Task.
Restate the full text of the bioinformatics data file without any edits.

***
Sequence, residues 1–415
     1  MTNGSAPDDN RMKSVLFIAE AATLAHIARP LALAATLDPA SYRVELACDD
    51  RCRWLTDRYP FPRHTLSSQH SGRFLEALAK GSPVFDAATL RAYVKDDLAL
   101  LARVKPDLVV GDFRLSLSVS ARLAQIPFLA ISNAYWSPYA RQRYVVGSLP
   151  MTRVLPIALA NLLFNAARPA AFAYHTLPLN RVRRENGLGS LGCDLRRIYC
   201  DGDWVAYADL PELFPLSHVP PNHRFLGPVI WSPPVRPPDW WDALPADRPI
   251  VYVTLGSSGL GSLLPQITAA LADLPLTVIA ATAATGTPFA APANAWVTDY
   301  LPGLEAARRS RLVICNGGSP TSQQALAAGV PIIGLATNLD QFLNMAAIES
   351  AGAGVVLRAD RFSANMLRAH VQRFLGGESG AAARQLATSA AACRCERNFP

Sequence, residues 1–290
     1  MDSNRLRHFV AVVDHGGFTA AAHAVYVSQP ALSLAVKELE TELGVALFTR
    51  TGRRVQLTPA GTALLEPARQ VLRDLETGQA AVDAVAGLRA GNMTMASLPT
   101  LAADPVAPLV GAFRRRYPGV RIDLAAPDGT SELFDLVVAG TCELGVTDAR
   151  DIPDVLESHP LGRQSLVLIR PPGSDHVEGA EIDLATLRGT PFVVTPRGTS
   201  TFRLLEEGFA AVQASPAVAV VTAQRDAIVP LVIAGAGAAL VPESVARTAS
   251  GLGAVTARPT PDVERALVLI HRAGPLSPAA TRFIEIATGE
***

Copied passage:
Sequence, residues 1–415
     1  MTNGSAPDDN RMKSVLFIAE AATLAHIARP LALAATLDPA SYRVELACDD
    51  RCRWLTDRYP FPRHTLSSQH SGRFLEALAK GSPVFDAATL RAYVKDDLAL
   101  LARVKPDLVV GDFRLSLSVS ARLAQIPFLA ISNAYWSPYA RQRYVVGSLP
   151  MTRVLPIALA NLLFNAARPA AFAYHTLPLN RVRRENGLGS LGCDLRRIYC
   201  DGDWVAYADL PELFPLSHVP PNHRFLGPVI WSPPVRPPDW WDALPADRPI
   251  VYVTLGSSGL GSLLPQITAA LADLPLTVIA ATAATGTPFA APANAWVTDY
   301  LPGLEAARRS RLVICNGGSP TSQQALAAGV PIIGLATNLD QFLNMAAIES
   351  AGAGVVLRAD RFSANMLRAH VQRFLGGESG AAARQLATSA AACRCERNFP

Sequence, residues 1–290
     1  MDSNRLRHFV AVVDHGGFTA AAHAVYVSQP ALSLAVKELE TELGVALFTR
    51  TGRRVQLTPA GTALLEPARQ VLRDLETGQA AVDAVAGLRA GNMTMASLPT
   101  LAADPVAPLV GAFRRRYPGV RIDLAAPDGT SELFDLVVAG TCELGVTDAR
   151  DIPDVLESHP LGRQSLVLIR PPGSDHVEGA EIDLATLRGT PFVVTPRGTS
   201  TFRLLEEGFA AVQASPAVAV VTAQRDAIVP LVIAGAGAAL VPESVARTAS
   251  GLGAVTARPT PDVERALVLI HRAGPLSPAA TRFIEIATGE